Commands tagged osx (61)

  • speaks out last twitter update using 'say'


    -1
    curl "http://api.twitter.com/1/statuses/user_timeline.xml?count=1&screen_name=barackobama" | egrep -w "<text>(.*)</text>" | sed -E "s/<\/?text>//g" | say
    beerdeaap · 2012-02-27 18:46:33 0
  • http://github.com/c3w/ash . a Ruby SSH helper script . reads a JSON config file to read host, FQDN, user, port, tunnel options . changes OSX Terminal profiles based on host 'type' USAGE: put 'ash' ruby script in your PATH modify and copy ashrc-dist to ~/.ashrc configure OSX Terminal profiles, such as "webserver", "development", etc run "ash myhostname" and away you go! v.2 will re-attach to a 'screen' named in your ~/.ashrc Show Sample Output


    -1
    ash prod<tab>
    c3w · 2012-05-12 19:51:02 0
  • Group membership in OS X is a mish-mash of standards that end up meaning there's almost a half-dozen of ways to belong to a group, what with group inheritance and automatic assignment. This means there's no easy command to find out all groups a user belongs to. The only sensible way then is to list all users and then query each user for membership. NOTE: This is a function. Once input you can execute it by calling with a groupname. Show Sample Output


    -1
    members () { dscl . -list /Users | while read user; do printf "$user "; dsmemberutil checkmembership -U "$user" -G "$*"; done | grep "is a member" | cut -d " " -f 1; };
    eduo · 2012-05-20 11:34:33 0

  • -1
    diskutil list
    grahamperrin · 2012-10-06 21:18:27 0
  • Uses find, plutil and xpath. Note: Some applications don't have proper information. system_profiler might be better to use. It's a bit slow query. Due to command length limit, I removed -name "*.app" and CFBundleName. Show Sample Output


    -1
    find /Applications -type d -maxdepth 1 -exec sh -c 'echo "{}"; (plutil -convert xml1 -o - "{}/Contents/Info.plist" | xpath /dev/stdin "concat(\"v\", /plist/dict/string[preceding-sibling::key[1]=\"CFBundleShortVersionString\"]/node())" 2>/dev/null)' \;
    darkfader · 2013-03-29 14:01:23 0

  • -2
    hdid somefile.dmg
    rnoyfb · 2010-01-15 12:00:48 2
  • I often run some command that takes a while to finish. By putting the say command afterward, I get an audio notification. Please note that this command (say) only works on Mac OS X and not Linux.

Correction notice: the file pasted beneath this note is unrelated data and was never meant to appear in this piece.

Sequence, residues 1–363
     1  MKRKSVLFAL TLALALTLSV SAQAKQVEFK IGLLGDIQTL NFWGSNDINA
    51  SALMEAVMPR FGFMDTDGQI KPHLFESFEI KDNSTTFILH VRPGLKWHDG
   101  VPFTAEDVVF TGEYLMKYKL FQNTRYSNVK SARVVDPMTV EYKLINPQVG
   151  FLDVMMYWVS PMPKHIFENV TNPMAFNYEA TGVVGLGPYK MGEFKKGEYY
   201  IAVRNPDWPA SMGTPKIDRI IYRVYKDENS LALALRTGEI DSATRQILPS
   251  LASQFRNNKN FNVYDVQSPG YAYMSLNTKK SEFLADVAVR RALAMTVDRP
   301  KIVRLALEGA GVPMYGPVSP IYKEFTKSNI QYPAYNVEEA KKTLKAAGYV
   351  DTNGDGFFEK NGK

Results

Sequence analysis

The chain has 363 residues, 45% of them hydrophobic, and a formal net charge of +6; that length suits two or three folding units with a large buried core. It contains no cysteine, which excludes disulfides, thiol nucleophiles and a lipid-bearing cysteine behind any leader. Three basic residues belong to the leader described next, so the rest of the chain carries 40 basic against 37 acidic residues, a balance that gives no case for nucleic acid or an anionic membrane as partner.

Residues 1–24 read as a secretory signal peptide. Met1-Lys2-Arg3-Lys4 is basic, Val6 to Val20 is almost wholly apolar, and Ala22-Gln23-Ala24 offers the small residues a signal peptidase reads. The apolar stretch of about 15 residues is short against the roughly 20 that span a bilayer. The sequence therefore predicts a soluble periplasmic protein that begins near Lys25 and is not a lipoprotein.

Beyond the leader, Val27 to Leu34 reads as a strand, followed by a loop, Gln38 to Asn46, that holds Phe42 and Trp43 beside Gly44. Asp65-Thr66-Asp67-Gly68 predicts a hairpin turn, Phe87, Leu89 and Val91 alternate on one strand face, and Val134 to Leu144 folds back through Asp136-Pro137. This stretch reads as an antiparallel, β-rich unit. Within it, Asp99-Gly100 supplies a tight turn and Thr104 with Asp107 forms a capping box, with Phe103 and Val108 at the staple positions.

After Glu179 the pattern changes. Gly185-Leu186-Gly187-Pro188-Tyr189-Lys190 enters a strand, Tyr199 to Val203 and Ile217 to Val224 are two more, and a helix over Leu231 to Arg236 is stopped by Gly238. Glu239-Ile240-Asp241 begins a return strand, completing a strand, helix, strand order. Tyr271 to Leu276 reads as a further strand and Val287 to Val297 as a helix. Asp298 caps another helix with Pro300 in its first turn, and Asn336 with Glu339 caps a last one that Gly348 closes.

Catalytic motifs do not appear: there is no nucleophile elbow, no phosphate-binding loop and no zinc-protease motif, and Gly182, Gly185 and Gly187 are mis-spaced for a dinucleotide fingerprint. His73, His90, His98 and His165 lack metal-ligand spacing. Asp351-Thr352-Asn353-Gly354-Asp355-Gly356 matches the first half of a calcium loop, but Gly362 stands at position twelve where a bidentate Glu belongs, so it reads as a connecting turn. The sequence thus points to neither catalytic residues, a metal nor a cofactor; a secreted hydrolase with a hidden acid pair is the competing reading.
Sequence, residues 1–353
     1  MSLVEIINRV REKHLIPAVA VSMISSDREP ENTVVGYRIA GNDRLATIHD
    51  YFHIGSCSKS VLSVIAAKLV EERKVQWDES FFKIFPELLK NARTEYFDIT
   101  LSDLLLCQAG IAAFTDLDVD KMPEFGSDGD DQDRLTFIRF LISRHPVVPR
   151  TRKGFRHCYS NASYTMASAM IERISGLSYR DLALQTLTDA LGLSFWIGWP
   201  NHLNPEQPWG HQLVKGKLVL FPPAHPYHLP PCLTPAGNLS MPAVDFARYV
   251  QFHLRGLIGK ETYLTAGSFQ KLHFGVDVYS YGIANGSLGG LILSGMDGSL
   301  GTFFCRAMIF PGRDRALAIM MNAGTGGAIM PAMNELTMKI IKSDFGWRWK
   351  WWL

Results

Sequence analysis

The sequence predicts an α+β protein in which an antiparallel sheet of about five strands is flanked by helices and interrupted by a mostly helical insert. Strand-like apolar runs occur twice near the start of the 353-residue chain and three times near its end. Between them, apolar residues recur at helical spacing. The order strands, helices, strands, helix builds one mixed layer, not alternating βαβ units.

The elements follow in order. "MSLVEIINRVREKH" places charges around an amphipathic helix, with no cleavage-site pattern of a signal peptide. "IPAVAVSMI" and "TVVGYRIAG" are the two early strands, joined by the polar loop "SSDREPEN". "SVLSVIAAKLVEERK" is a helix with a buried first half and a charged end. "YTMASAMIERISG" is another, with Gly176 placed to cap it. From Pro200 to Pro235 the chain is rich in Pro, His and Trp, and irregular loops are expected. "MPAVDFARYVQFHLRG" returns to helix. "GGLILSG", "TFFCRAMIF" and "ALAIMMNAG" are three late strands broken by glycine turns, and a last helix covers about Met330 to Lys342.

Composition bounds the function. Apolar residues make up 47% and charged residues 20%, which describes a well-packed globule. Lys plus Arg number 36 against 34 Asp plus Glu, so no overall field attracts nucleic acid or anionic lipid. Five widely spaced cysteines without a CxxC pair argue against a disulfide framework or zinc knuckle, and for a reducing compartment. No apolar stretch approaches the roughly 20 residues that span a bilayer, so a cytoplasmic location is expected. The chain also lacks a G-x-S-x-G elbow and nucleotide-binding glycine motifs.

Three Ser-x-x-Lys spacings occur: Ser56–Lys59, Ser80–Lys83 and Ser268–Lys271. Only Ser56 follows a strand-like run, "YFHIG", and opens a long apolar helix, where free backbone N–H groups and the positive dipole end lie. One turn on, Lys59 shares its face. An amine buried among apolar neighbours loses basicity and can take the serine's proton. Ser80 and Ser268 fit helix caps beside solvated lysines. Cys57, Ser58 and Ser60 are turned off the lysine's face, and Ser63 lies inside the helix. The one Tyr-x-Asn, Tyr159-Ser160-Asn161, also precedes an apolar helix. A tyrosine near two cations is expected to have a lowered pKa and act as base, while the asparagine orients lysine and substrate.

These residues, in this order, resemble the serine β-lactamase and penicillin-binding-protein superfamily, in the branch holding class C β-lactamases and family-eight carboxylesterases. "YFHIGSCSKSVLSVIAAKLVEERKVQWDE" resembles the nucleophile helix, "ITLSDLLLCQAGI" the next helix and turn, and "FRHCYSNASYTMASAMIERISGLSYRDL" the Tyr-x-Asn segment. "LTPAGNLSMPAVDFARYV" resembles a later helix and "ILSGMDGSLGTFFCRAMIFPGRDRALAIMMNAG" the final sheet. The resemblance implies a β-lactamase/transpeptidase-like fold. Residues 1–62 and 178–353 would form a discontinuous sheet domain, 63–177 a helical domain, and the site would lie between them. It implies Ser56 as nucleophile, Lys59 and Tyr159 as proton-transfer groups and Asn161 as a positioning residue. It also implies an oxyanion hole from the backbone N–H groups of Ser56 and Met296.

-2
    long_command; say I am all done
    haivu · 2010-01-27 19:03:01 1
  • Instead of having someone else read you the Digg headlines, Have OSX do it. Requires Curl+Sed+Say. This could probably be easily modified to use espeak for Linux.


    -2
    IFS=`echo -en "\n\b"`; for i in $(curl http://feeds.digg.com/digg/container/technology/popular.rss | grep '<title>' | sed -e 's#<[^>]*>##g' | tail -n10); do echo $i; echo $i | sed 's/^/Did you hear about /g' | say; sleep 30; done
    echosedawk · 2010-06-07 22:16:19 1

  • -3
    sudo pmset -a hibernatemode 1
    therod · 2009-04-28 19:53:57 0
  • This command will open up the two files in FileMerge on OS X. You can also compare two directories. opendiff directory1 directory2 NOTE: FileMerge is a part of the OS X Developer Tools, available on the install disc.


    -3
    opendiff <file1> <file2>
    claytron · 2009-06-16 03:22:52 3
  • Hide-and-Seek is one of the greatest games in the parent's arsenal. Your kid runs off and hides for several minutes, while waiting for you to find him/her. This gives you time to catch a breath and check your email without feeling like a loser. If you'd also like to take advantage of the counting time--claiming that thinking space as your own--use this command on your OSX terminal to maximize downtime. Also, if your kid is like mine, you can get away with "for i in {1..100};" :)


    -3
    txt="";for i in {1..20};do txt=$txt"$i. ";done;say $txt" Ready or not, here I come"
    antic · 2011-12-11 05:51:22 3
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